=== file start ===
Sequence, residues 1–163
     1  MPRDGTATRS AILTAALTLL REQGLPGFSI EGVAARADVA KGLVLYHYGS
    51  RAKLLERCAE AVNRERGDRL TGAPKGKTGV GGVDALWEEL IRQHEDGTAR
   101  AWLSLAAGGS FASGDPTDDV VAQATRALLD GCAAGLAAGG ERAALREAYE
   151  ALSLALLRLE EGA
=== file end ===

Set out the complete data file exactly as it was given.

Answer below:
Sequence, residues 1–163
     1  MPRDGTATRS AILTAALTLL REQGLPGFSI EGVAARADVA KGLVLYHYGS
    51  RAKLLERCAE AVNRERGDRL TGAPKGKTGV GGVDALWEEL IRQHEDGTAR
   101  AWLSLAAGGS FASGDPTDDV VAQATRALLD GCAAGLAAGG ERAALREAYE
   151  ALSLALLRLE EGA